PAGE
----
"You Kill Me"
Directed by John Dahl ("The Last Seduction", "Rounders").
Written by Christopher Markus and Stephen McFeely.
Starring Ben Kingsley, Téa Leoni, Luke Wilson and Dennis Farina.
Release Year: 2007
Review Date: 7/12/07
After trying to see a freebie of "Hairspray"
tonight and not making it in, I walked to a nearby theater to catch
the comedy "You Kill Me" instead...and, it was a not-bad choice
given my situation.
Ben Kingsley shows up in so many movies now
that it's hard to keep up, but this time he has picked well, as he
plays a Buffalo-based hit man named Frank who has a pretty bad
drinking problem. After botching a hit on a local thug (Dennis
Farina), Frank's handler Roman (Philip Baker Hall) sends Frank all
the way to San Francisco to join an AA program to get over his bad
habits. While he's on the left coast, he joins a local AA
group where he gains a friend and a sponsor in a gay toll-booth
operator named Tom (Luke Wilson) and a part-time job where he cleans
and preps cadavers for burial ceremonies at a local funeral home.
At the funeral home, he meets Laurel (Téa Leoni), who just happens
to be single and enjoy the company of older, seasoned hitmen...and,
a relationship is born. Unfortunately, trouble is brewing back
in Buffalo between the rival families we meet early on, so
eventually, Frank has to go back home to figure out what's what.
Kingsley can do it all, so it's no surprise
that his low-key contract killer has some great lines but more
importantly, his line delivery is what normally gets the
laugh...between the snide looks, the stiff looks, the "are you
fucking kidding me?" looks and the sincere stare of a focused
killer, Kingsley is fantastic. The rest of the cast features
talented actors (at least, besides Leoni, who produced this film)
but they aren't as strong as I thought they would have been; Farina
is a ham that doesn't seem to be based in our world at all...Wilson
is so-so, and even Bill Pullman--who I have generally liked over the
years--wasn't quite right in his part either. But, the mix of
comedy and the more morbid bits with killing and handling dead
bodies was generally good, and save for a couple of brief moments
could be handled by pretty much everyone.
But, the film never gets a belly laugh or a
great action scene put together; it never transcends the crazy
hitman-flick run that came after "Pulp Fiction" came out in the
mid-90s, with nothing you haven't seen before, save for maybe the
sideplot of having Frank also work in a funeral home between jobs.
The romance never registered for me; it didn't appear to me that
Leoni and Kingsley's characters had any chemistry, and I think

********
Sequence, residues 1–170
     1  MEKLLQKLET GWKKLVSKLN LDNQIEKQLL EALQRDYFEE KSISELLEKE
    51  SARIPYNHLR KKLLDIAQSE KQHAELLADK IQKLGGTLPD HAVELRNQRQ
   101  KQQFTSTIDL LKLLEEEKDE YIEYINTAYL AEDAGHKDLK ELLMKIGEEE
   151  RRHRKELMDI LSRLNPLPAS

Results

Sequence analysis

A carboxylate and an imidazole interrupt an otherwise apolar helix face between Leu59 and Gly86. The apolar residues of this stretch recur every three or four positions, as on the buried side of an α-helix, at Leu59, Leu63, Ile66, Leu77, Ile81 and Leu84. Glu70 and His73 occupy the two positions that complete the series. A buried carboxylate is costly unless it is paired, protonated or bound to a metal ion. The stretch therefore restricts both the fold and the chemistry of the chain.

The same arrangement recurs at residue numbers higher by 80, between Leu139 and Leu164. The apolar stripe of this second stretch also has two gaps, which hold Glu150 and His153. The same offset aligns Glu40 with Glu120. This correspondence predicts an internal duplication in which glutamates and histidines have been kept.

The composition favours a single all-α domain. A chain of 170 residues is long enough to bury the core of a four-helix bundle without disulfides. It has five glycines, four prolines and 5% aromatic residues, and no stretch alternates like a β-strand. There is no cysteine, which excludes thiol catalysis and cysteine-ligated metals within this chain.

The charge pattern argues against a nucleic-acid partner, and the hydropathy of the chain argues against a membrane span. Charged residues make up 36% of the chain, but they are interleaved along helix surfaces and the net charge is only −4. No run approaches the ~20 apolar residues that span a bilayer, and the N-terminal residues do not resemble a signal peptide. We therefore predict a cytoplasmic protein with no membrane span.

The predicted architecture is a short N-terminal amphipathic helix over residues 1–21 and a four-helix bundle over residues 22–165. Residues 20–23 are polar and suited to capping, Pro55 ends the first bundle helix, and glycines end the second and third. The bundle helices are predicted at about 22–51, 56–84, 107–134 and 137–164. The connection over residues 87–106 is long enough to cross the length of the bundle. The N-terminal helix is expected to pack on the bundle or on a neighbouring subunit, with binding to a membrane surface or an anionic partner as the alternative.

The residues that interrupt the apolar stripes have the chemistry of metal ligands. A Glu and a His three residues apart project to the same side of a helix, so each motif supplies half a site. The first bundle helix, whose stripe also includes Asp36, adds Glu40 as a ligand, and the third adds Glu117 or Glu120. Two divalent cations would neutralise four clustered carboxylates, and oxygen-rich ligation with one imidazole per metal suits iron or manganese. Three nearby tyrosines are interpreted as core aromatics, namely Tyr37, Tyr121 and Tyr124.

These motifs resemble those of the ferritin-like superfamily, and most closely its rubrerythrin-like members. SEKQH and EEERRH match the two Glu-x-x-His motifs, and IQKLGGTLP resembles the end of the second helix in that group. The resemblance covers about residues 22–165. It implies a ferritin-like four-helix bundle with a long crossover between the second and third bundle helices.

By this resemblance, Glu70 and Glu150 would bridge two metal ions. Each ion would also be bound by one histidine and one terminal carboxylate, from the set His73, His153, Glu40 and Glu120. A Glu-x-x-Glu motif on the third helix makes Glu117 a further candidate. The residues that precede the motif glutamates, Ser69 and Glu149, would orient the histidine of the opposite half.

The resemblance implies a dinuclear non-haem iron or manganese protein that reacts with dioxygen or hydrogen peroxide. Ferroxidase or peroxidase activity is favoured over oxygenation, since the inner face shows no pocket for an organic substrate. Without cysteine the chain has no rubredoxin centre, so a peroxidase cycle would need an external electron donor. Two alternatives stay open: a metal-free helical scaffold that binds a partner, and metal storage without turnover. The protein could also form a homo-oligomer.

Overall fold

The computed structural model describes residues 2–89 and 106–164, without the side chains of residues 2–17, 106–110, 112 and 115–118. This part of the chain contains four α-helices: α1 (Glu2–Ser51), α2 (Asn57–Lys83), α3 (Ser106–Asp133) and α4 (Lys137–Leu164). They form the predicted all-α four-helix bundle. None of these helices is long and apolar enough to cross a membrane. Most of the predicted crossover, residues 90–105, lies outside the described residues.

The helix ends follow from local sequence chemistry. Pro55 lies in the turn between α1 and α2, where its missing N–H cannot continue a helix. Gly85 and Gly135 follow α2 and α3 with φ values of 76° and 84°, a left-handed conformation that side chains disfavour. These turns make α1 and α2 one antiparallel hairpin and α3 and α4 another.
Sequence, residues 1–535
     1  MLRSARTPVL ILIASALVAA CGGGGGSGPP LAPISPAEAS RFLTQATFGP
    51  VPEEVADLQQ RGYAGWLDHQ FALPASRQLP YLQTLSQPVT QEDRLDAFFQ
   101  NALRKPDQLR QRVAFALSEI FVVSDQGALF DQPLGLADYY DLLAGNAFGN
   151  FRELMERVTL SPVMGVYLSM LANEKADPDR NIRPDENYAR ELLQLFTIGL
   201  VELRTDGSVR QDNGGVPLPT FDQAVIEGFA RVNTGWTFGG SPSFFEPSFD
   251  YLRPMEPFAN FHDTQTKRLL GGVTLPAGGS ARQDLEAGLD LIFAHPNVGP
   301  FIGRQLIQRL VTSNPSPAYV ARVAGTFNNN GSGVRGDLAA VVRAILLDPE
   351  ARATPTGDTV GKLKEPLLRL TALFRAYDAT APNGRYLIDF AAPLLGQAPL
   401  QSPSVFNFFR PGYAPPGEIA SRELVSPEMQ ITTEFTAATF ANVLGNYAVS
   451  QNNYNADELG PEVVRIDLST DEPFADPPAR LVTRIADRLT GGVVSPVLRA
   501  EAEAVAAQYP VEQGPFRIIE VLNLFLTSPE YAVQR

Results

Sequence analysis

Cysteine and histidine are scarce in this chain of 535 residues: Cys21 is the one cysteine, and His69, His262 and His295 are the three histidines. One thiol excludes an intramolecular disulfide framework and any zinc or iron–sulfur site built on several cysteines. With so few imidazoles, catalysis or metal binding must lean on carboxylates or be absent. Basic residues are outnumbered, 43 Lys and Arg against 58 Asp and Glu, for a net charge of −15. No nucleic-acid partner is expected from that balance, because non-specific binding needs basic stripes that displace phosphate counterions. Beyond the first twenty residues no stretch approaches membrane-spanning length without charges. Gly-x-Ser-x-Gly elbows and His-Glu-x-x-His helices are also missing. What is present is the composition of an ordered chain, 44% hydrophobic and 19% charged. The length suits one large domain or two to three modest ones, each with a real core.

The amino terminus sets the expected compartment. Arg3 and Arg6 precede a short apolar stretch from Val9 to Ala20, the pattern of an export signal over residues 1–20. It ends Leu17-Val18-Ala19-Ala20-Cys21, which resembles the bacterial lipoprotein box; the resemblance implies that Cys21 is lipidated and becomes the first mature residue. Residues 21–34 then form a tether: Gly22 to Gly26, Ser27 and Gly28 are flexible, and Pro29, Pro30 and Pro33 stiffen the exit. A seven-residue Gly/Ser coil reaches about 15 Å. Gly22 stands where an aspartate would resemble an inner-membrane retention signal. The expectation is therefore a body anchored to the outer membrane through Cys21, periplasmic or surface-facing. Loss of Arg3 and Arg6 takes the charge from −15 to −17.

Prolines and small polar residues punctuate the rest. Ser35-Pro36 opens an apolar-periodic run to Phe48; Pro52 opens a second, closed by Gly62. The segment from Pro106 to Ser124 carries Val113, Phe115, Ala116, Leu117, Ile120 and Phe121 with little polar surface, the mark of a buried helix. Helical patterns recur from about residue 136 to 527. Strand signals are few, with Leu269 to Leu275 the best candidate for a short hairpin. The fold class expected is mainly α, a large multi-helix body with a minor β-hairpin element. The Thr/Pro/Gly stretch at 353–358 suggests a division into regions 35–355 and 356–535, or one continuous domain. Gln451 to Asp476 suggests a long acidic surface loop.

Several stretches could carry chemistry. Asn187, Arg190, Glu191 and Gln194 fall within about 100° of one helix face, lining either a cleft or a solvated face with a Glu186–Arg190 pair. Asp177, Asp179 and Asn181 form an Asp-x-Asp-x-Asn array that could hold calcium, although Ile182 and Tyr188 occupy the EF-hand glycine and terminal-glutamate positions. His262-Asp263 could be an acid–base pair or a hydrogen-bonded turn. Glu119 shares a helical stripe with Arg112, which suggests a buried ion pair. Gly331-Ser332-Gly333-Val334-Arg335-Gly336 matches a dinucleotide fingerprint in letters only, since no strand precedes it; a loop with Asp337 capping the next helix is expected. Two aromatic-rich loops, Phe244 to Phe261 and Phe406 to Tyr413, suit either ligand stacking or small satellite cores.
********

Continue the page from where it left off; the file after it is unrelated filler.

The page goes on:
that's important if like a quarter of your movie is dedicated to a
romance that doesn't make any fucking sense. Of course, any
movie partially shot in San Francisco and Buffalo will garner
interest from me, but still.
Not bad. Don't go out of your way to
see it (it's running in indie theaters now), but maybe on video,
it's worth a look, especially if you love Kingsley as much as I do.
Comments? Drop me a line at
Bellview Rating System:
"Opening Weekend": This is
the highest rating a movie can receive. Reserved for movies that
exhibit the highest level of acting, plot, character development,
setting...or Salma Hayek. Not necessarily in that order.
"$X.XX Show": This price
changes each year due to the inflation of movie prices; currently,
it is the $9.50 Show. While not technically perfect, this is a
movie that will still entertain you at a very high level.
"Undercover Brother" falls into this category; it's no "Casablanca",
but you'll have a great time watching. The $9.50 Show won't win any
Oscars, but you'll be quoting lines from the thing for ages (see
"Matinee": An average movie
that merits no more than a $6.50 viewing at your local theater.
Seeing it for less than $9.50 will make you feel a lot better about
yourself. A movie like "Blue Crush" fits this category; you leave
the theater saying "That wasn't too bad...man, did you see that
Lakers game last night?"
"Rental": This rating
indicates a movie that you see in the previews and say to your
friend, "I'll be sure to miss that one." Mostly forgettable, you
couldn't lose too much by going to Hollywood Video and paying $3 to
watch it with your sig other, but you would only do that if the
video store was out of copies of "Ronin." If you can, see this
movie for free. This is what your TV Guide would give "one and a
"Hard Vice": This rating is
the bottom of the barrel. A movie that only six other human beings
have witnessed, this is the worst movie I have ever seen. A Shannon
Tweed "thriller," it is so bad as to be funny during almost every
one of its 84 minutes, and includes the worst ending ever put into a
movie. Marginally worse than "Cabin Boy", "The Avengers" or
"Leonard, Part 6", this rating means that you should avoid this
movie at all costs, or no costs, EVEN IF YOU CAN SEE IT FOR FREE!
(Warning: strong profanity will be used in all reviews of "Hard